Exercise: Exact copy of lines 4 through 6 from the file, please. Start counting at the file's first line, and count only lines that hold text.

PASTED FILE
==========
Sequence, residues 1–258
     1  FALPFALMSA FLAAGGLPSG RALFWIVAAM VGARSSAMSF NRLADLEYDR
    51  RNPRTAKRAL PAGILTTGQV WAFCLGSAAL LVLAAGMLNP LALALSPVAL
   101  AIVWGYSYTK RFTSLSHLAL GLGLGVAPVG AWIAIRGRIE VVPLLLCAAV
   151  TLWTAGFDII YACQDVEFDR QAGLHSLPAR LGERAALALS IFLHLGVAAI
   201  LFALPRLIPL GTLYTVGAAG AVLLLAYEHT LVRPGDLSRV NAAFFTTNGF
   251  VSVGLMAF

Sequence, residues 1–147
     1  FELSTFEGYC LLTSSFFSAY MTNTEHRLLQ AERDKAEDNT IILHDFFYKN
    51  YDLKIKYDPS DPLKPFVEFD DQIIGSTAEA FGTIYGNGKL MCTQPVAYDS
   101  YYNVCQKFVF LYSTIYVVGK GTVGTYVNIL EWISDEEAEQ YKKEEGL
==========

   101  AIVWGYSYTK RFTSLSHLAL GLGLGVAPVG AWIAIRGRIE VVPLLLCAAV
   151  TLWTAGFDII YACQDVEFDR QAGLHSLPAR LGERAALALS IFLHLGVAAI
   201  LFALPRLIPL GTLYTVGAAG AVLLLAYEHT LVRPGDLSRV NAAFFTTNGF